Facebook page with 1.1M followers called “I Love America” is one of many …

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Facebook page with 1.1M followers called “I Love America” is one of many Ukrainian-run pages now pushing pro-Trump propaganda and recycling 2016-era IRA memes  —  This is the online version of the Popular Information newsletter.  You can get independent accountability journalism in your inbox every week.

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Nintendo seriously needs to fix multi-Switch game sharing

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Now that the Switch Lite ($200) is out, Nintendo fans are coming to a sad realization: Sharing digital games between multiple systems stinks. You can set one console as your primary, allowing you to play games anywhere without an internet connection. But to play digital titles on secondary systems, you’ll have to be connected to the internet (it’s also authenticated every three hours, GamesBeat’s Jeff Grubb confirmed over the weekend). Even worse, you can only play games through the account that originally purchased them. That’s a problem for families where one parent account typically buys digital games, as writer Gary Whitta learned over the weekend.

To be fair, Nintendo is basically just replicating the system Sony and Microsoft are using for their consoles. But the big difference, of course, is that the Switch is meant to be portable. As I reviewed the Switch Lite, I ended up having to make it my primary system to play digital games on the subway. But that also meant my original Switch was basically trapped on the dock under my TV. This wasn’t a big issue for most games, but I was forced to restart progress on games like Splatoon 2 that don’t support the Switch Online’s cloud saves.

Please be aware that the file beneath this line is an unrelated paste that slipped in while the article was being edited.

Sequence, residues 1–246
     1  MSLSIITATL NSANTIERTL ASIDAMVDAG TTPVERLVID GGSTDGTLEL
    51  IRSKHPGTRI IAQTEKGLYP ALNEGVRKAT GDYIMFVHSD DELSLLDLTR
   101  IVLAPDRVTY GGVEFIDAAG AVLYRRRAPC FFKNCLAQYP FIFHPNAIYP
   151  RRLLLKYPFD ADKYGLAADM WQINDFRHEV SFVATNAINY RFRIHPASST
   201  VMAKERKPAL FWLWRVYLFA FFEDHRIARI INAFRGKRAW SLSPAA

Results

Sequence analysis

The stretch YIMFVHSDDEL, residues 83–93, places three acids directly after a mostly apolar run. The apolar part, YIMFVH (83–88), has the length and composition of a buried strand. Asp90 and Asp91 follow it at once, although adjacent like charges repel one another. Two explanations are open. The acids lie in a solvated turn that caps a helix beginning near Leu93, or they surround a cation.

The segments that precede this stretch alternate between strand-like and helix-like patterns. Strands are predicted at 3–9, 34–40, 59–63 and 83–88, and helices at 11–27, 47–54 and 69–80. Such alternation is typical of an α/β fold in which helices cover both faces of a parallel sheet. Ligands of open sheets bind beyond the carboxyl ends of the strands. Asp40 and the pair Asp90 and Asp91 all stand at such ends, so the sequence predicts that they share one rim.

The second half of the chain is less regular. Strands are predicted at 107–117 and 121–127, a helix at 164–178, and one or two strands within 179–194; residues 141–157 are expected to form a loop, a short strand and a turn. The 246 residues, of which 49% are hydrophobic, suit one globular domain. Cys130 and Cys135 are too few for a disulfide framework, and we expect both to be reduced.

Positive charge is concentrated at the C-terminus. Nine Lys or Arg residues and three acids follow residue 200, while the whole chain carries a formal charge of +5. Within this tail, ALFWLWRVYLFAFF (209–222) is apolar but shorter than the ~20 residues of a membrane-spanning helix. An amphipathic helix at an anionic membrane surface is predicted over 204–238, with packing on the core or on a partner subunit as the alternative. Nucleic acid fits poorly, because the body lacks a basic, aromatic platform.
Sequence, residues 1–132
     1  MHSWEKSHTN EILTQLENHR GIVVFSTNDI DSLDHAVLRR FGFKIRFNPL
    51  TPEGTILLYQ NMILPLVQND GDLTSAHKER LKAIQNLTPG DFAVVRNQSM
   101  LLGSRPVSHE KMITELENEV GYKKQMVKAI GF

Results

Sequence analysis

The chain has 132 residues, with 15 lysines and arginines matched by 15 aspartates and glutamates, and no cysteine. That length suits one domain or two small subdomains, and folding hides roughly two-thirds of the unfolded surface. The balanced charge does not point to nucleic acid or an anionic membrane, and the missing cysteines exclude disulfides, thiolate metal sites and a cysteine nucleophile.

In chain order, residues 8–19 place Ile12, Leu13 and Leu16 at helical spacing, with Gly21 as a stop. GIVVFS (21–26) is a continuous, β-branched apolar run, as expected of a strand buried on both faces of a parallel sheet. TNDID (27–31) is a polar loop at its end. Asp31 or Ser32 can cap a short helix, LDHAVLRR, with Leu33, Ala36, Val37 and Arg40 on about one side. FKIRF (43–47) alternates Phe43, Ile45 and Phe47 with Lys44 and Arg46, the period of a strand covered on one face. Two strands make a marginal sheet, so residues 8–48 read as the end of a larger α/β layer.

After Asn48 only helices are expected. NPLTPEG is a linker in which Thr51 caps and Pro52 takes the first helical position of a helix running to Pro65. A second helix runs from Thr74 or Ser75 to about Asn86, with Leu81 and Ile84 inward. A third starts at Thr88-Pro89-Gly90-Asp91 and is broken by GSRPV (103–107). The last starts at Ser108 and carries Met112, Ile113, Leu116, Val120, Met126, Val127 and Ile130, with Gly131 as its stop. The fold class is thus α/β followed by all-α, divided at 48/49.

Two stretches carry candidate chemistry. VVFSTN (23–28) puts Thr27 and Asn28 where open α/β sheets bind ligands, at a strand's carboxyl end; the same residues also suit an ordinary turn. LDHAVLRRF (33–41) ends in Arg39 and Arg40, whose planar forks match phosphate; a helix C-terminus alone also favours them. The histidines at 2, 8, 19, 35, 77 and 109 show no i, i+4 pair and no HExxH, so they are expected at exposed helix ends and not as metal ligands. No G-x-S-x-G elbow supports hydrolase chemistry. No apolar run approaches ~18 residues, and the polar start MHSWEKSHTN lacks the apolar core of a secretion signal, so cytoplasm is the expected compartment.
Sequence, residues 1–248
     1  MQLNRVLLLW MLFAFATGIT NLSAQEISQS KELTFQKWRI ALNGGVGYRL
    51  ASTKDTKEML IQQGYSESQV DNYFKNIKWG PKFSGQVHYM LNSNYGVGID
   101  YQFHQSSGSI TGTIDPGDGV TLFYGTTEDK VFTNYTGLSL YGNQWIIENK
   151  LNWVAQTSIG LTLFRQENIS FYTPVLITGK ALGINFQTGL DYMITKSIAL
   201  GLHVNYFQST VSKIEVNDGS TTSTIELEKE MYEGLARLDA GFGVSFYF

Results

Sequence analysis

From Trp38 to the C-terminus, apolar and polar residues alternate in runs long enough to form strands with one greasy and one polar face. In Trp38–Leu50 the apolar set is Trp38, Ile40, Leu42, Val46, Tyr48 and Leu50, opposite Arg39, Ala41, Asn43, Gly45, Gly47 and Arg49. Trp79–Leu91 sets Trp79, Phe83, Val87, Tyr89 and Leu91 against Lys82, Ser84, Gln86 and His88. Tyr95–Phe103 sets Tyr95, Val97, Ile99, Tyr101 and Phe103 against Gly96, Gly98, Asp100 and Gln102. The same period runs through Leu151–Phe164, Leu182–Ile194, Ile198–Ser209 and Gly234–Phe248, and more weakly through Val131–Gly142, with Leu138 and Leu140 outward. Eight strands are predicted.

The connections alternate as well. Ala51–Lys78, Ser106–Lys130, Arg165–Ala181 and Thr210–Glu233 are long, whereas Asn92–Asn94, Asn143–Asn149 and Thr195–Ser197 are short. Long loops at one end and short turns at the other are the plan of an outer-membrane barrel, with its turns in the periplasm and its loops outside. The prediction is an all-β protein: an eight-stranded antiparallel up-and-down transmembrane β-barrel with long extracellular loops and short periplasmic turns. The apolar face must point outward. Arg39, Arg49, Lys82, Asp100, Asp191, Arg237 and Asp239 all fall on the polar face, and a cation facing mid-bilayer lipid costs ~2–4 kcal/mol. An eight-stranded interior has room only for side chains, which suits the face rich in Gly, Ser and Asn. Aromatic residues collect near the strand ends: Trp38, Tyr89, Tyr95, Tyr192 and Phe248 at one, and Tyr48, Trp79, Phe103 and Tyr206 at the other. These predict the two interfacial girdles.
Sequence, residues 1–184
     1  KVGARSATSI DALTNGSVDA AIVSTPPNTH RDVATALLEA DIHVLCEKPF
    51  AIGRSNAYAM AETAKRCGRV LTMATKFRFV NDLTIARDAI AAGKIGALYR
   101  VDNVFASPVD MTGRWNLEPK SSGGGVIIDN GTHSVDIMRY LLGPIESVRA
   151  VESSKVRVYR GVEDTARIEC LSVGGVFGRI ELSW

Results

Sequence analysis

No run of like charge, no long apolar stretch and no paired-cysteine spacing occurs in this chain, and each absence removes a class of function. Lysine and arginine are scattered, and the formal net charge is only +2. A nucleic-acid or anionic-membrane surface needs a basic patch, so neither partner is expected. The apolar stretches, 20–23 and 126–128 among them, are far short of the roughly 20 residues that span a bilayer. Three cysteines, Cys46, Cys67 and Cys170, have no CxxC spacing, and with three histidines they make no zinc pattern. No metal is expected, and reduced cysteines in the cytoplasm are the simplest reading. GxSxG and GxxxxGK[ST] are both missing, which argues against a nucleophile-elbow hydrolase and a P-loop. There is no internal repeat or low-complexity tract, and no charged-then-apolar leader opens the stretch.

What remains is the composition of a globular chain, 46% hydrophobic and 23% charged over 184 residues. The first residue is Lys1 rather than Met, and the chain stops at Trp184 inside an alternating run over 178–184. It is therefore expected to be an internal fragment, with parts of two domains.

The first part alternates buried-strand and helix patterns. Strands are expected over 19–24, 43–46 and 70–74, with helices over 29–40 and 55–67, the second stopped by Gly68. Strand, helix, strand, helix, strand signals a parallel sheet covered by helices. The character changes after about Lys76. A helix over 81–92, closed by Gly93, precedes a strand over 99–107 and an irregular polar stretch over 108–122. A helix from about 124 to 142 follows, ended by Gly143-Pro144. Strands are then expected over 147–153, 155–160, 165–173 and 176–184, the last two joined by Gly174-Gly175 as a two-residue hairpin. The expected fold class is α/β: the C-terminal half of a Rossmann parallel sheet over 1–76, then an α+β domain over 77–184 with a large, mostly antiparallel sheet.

My wife and daughter don’t play games (yet!), but if they did, they wouldn’t be able to play anything on the docked Switch on their own accounts. They’d be forced to play under my username, which could be a problem when it comes to managing saved games. And, worst of all, they wouldn’t be able to play any of my digital games on that system offline.

While multi-Switch households could swap around physical game carts, that introduces a whole new set of problems, especially with kids. Physical games can easily be lost or damaged, and you’ll also have to be more mindful about trading games between systems. That’s particularly true with the Switch, since each system might be traveling with a different person, instead of being set up throughout your home. Carts are also just annoying to plug in — sure, that just takes a few seconds, but it’s not nearly as seamless as booting up a digital game.

Kris Naudus/Engadget

The biggest problem with limiting yourself to carts? It’s kind of impossible on the Switch, since it has a robust library of indie titles that are only available digitally. As much as I’d love to see a cart for Untitled Goose Game, it’s not worth waiting around to see if one ever appears. Digital games are basically an inescapable problem for every Switch owner.